Week Two — Response

Listening to “The Meeting of Two Worlds” videos and reading the journal of Christopher Columbus himself has left me with two feelings. One being, intrigued about what happens next in the historical story, and the second being frustrated with Columbus. The first feeling is usually how I feel when I begin to learn about a new subject, all the ideas are fresh and exciting, and it feels as if I’ve stepped into another world. Of course, I knew that Columbus travelled from Europe to find the West Indies, but I did not know exactly where he landed or what kinds of people that he encountered along the way. It was interesting to watch Jon’s video after reading the journal entries as it increased my understanding and deepened my interest. I also thought that the student videos were quite well done and helped the knowledge sink into my brain.

The reason that I felt frustrated with Columbus is his sheer ignorance of any other culture or religion other than his own. I understand that this was just the mindset of the time; that any one other than Europeans were “savages” and “uncivilized”, and were in need of Christianity. However, it is a completely dismissive way of thinking, and the fact that thousands of people died of foreign disease is also a maddening fact. I don’t know much about colonization in South America, but I know a little bit about North America and I know that the after effects of colonization has continued even to this day. Relationships between First Nations people and the government is still not a great one. So a question I have about colonization in South America: is the relationship between the indigenous people and the government a good one? Or is it a hostile one? What were the consequences of Columbus coming to Latin America, and how has that affected the relationship between native Latin Americans and European settlers? Another question I have is how exactly did Spanish spread throughout the countries? Did the settlers teach the indigenous people? Or was it just picked up by the people through time? Also how did the indigenous language become the language less spoken?

There were so many questions that I had after being introduced to the meeting of these two worlds and I am looking forward to discovering more of the story of how Christopher Columbus “discovered” Latin America.

3 thoughts on “Week Two — Response

  1. Christine Joy Ganase

    Hi Maddie!

    I just wanted to comment and say I totally agree with your frustration with Columbus, that definitely echoes my sentiments about him too. I think you’re also right in pointing to his ignorance of other cultures, especially his seemingly decisive disinterest in learning about these cultures, as a source of annoyance.

    With regards to your question about the effects of Columbus’ colonization on the relationships between European settlers and the indigenous people of the area, I don’t feel like I have a good answer for you. I’m not very well versed on the colonization of Latin America, but I can speak to the colonization of the Philippines (which I feel is somewhat of a similar experience).

    I spent my early childhood in the Philippines and learned a bit about how the Spaniards had come to conquer my home country. It seemed like the Spanish were intending to make the indigenous people of the Philippines more like them, and you can see this in the names/language/religion prevalent in the country today. I hope this sheds some light on your queries about the colonization style of the Spanish.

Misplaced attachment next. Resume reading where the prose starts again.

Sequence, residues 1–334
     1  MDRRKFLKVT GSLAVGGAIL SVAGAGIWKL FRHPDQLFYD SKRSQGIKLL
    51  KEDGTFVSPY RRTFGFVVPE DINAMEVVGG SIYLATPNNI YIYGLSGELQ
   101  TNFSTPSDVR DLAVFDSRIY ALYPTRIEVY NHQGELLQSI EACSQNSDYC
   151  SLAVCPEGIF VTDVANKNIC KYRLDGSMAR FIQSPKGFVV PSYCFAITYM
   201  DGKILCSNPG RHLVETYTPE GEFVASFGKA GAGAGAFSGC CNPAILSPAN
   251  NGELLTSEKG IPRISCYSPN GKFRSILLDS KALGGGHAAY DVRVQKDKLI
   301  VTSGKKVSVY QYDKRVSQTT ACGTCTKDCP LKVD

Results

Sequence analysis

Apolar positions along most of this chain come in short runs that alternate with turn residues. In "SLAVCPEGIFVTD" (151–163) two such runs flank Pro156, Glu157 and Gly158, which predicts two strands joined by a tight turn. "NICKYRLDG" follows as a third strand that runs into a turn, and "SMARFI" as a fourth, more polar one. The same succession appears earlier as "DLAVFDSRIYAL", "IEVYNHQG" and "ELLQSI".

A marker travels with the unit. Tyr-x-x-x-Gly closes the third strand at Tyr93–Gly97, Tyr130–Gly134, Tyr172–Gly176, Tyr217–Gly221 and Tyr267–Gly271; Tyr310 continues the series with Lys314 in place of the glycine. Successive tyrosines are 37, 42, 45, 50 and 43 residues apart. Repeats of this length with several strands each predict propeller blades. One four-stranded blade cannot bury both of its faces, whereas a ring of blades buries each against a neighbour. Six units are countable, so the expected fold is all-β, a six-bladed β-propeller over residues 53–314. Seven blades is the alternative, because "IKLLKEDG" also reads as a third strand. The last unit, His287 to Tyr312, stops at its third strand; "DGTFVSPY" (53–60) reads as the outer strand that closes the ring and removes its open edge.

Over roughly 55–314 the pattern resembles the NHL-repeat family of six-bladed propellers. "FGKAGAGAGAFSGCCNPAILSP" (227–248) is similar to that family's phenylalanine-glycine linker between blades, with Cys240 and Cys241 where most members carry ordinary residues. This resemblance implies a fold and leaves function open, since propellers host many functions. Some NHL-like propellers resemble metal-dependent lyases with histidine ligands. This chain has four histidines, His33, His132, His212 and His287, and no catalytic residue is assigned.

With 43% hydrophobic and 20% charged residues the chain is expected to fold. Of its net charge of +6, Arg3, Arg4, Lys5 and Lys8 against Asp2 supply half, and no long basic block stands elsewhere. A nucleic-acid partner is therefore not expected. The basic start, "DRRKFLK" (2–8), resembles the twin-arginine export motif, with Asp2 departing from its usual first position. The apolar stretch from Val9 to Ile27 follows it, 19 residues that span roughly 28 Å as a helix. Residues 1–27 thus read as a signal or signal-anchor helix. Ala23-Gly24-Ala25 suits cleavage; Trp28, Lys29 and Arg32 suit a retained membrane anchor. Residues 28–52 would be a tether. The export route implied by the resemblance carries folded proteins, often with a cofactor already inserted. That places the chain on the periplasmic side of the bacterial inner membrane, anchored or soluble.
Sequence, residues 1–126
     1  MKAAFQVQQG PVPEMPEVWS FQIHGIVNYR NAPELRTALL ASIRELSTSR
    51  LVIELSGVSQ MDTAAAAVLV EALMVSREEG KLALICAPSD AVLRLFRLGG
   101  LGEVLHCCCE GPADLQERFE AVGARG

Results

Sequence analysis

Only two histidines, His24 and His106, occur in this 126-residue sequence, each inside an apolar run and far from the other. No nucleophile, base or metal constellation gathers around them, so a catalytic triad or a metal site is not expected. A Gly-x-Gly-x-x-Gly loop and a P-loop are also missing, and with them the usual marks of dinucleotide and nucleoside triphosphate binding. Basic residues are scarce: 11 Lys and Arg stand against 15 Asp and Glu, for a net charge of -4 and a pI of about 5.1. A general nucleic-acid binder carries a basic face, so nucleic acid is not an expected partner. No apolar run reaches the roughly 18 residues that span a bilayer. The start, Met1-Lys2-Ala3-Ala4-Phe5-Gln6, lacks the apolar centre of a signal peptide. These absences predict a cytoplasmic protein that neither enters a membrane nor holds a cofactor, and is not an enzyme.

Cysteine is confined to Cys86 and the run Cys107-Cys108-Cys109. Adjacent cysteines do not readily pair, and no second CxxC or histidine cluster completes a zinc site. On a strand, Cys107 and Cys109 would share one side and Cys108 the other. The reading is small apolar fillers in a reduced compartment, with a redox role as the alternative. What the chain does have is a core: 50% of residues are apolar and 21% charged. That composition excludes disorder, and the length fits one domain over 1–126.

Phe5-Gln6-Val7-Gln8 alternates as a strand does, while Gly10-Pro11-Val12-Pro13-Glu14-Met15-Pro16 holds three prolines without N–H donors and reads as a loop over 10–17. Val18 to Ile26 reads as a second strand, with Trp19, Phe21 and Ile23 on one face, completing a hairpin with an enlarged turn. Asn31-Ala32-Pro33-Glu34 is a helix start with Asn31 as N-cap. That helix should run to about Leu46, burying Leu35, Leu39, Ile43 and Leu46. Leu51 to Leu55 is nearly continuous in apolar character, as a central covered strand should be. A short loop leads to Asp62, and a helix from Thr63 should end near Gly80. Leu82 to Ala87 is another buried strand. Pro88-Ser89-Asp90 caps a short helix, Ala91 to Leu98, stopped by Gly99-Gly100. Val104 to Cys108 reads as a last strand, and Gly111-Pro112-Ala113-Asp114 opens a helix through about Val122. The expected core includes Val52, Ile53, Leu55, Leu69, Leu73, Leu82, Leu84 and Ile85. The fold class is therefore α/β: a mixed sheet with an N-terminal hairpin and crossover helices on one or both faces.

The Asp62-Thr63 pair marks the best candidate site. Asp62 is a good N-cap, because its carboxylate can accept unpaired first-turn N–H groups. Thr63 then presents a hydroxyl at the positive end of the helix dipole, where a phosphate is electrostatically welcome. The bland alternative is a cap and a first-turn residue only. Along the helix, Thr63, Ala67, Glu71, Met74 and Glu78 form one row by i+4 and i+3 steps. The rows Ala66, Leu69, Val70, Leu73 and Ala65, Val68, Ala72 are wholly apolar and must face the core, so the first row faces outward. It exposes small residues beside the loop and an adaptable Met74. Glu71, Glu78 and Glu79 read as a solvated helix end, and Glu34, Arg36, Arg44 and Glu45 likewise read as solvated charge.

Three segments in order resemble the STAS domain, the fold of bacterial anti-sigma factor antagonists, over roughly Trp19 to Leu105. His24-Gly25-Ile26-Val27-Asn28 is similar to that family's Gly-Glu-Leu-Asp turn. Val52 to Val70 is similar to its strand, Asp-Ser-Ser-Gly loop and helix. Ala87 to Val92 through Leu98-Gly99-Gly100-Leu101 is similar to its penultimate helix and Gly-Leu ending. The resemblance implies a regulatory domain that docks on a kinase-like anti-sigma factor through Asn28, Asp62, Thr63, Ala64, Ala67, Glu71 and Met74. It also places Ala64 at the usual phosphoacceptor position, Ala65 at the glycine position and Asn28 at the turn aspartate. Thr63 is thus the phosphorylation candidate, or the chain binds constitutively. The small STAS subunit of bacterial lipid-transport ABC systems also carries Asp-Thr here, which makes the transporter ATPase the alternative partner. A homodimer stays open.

Awesome post by the way!

  2. K

    You had a lot of great questions at the end here! I have a lot of the same ones too. I can try and answer some of them, specifically in an Ecuadorian perspective. I know this isn’t the goal of these comments, but I find your questions quite fascinating to think about!

    From my experience in Ecuador, the relationships of Indigenous people and the Ecuadorian government varies from group to group. The Kichwa, for example, are highly integrated, their native language is still spoken and often you will see government buildings and documents in both Kichwa and Spanish (If you google it, you can learn why their language is still intact, unlike many other Indigenous languages and I find the story quite interesting). You will also see Kichwa women wearing their traditional clothing and for the most part, they can practice their traditional way of life. However, this is not the story for all Indigenous groups in Ecuador.
    The Shuar and Huaorani in Ecuador are facing incredible oppression by the Ecuadorian government. Their home territories are being destroyed by oil exploration and extraction. They have very little political power and are often still looked down on by the majority of Ecuadorians (and even other Indigenous groups in the country) as being ‘savages’ and ‘uncivilized’.
    For the Shuar and Huaorani, first contact with the outside world came as recently as the 1950s due to their location deep in the Amazon. The story of their contact is similar in many ways to what we are learning happened in 1492. Sadly, I do not think much changed in the 450 years since. For the Huaorani, first contact meant Evangelism, disease, and Eurocentric ideas, much like it did for the Indigenous people of the present-day Bahamas who met Columbus. And now, in place of gold, the violence inflicted upon them is in the quest for oil.

  3. Danni Olusanya

    Your questions are really really interesting here, I like how you link what happened in 1492, to the present day and the relations between indigenous people and the government. Even with Canada’s 150-year-old celebration, there was a lot of rising tension over whether it is to be celebrated or not. I do not have any answers to your questions about Spanish but I do believe that all the same, they are still important questions.


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